Henderson Island is an uninhabited coral reef in the Southeast Pacific. Coconut palms abound, crabs scuttle across the sand, birds fill the air with their cries. At first glance, it seems a dream island, untouched by man. But the secluded island has sadly become a rubbish dump in recent years: fuel canisters, plastic cutlery, drinking cups, toothbrushes and cosmetic tubes cover the beaches.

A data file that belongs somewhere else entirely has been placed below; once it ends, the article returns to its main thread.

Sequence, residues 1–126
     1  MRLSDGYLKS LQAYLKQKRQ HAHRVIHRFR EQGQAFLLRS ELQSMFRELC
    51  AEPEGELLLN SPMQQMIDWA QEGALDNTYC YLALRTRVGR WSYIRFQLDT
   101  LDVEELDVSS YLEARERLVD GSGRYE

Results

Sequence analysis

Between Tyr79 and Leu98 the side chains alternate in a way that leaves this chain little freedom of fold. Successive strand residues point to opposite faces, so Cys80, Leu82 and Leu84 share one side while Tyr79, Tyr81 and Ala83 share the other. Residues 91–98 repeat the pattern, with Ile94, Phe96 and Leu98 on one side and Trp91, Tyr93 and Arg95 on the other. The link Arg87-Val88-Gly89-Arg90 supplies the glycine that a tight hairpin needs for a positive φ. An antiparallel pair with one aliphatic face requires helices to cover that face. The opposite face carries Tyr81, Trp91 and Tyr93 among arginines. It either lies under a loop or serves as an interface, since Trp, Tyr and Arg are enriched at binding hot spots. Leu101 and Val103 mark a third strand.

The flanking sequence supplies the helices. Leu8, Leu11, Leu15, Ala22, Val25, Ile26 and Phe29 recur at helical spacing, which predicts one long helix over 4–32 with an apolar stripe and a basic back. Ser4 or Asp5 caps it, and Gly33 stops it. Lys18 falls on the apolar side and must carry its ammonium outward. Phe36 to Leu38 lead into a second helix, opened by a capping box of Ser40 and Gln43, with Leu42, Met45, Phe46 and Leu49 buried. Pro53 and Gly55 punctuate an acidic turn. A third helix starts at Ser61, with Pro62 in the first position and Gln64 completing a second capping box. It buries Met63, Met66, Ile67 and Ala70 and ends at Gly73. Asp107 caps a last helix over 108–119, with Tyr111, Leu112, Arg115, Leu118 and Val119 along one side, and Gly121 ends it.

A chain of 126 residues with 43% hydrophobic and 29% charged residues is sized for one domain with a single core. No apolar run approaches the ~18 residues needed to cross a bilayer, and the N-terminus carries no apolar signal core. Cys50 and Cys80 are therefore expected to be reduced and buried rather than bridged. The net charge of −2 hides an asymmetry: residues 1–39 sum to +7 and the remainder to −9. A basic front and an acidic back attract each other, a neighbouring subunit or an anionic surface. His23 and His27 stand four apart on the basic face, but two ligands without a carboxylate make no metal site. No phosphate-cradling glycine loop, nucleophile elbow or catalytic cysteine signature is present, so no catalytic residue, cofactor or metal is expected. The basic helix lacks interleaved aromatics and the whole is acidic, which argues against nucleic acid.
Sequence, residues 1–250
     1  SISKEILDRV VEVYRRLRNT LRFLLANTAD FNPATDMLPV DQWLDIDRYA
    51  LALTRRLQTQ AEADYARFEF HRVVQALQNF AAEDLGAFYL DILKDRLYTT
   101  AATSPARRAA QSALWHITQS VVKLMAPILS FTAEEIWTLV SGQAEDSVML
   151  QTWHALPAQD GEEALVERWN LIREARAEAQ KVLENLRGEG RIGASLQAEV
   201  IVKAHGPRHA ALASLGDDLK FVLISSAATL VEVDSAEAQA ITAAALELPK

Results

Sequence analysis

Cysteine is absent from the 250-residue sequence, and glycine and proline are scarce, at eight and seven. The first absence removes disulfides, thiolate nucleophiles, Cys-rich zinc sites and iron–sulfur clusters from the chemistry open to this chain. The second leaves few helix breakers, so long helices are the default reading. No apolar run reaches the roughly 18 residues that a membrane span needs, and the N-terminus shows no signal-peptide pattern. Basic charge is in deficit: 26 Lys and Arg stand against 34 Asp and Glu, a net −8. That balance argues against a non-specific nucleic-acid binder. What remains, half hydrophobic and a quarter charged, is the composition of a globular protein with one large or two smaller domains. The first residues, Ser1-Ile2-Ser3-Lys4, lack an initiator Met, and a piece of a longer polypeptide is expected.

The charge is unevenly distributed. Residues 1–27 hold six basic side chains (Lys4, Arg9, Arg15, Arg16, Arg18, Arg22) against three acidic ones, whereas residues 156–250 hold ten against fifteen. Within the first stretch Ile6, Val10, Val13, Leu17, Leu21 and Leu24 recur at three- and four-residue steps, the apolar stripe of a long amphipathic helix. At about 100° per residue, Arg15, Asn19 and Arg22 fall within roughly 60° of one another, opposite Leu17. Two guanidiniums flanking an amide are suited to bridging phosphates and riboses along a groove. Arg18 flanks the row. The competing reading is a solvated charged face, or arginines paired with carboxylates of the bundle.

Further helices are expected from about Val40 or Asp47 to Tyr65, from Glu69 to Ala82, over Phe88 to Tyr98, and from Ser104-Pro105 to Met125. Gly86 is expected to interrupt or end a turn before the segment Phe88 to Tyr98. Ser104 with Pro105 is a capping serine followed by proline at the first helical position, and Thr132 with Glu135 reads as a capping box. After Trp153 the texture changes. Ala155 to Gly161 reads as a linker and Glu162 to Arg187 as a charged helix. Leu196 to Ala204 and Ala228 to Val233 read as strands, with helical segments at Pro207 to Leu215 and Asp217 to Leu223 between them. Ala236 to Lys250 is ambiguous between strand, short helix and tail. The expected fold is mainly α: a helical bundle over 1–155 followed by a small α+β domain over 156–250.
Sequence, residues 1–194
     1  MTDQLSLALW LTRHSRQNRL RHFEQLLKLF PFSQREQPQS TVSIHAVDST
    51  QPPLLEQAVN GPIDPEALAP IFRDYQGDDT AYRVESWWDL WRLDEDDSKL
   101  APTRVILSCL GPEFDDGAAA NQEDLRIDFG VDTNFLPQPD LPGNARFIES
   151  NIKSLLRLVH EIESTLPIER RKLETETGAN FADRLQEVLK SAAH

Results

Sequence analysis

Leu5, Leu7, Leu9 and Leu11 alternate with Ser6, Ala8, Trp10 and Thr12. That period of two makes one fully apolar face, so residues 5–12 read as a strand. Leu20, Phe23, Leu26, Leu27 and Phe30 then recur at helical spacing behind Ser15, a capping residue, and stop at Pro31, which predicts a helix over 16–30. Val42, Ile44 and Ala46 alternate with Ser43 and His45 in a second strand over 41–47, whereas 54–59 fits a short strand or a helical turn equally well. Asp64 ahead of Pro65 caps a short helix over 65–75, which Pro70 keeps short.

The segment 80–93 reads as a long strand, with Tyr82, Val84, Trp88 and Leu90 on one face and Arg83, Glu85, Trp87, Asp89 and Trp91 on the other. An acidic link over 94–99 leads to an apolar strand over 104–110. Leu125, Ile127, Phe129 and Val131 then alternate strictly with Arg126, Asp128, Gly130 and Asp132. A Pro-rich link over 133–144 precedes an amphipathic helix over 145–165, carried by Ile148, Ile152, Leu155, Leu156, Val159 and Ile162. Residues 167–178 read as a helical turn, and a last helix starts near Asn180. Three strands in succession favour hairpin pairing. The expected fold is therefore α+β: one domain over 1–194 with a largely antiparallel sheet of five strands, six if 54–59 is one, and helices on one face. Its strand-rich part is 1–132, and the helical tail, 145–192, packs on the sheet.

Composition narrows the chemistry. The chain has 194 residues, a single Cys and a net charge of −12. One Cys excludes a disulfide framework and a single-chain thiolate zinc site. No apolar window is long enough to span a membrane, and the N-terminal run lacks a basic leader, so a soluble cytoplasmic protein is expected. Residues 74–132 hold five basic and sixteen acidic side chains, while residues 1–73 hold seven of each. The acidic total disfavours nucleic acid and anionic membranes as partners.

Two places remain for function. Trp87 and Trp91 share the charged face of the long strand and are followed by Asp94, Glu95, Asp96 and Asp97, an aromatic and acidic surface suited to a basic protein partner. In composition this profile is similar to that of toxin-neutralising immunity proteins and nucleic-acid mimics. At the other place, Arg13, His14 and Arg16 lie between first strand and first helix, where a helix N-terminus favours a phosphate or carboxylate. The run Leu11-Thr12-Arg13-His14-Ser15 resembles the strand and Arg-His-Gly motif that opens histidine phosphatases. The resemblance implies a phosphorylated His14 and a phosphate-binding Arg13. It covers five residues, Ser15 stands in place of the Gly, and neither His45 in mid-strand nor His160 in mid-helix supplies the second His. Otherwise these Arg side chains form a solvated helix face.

Researchers found almost 38 million plastic parts weighing a total of 17.6 metric tons on the remote island: the greatest density of plastic waste anywhere in the world. Every day, the sea washes another 13,000 items of plastic waste onto the beaches. The reason for this is Henderson Island’s location on the western edge of the South Pacific gyre, one of the most notorious garbage patches in the world’s oceans, where vast amounts of plastic gather. The waterlogged garbage from the giant whirlpools not only covers the South Sea Islands but also the shores of the North and Baltic Seas. Seabirds and sea turtles confuse the plastic parts with food and swallow them.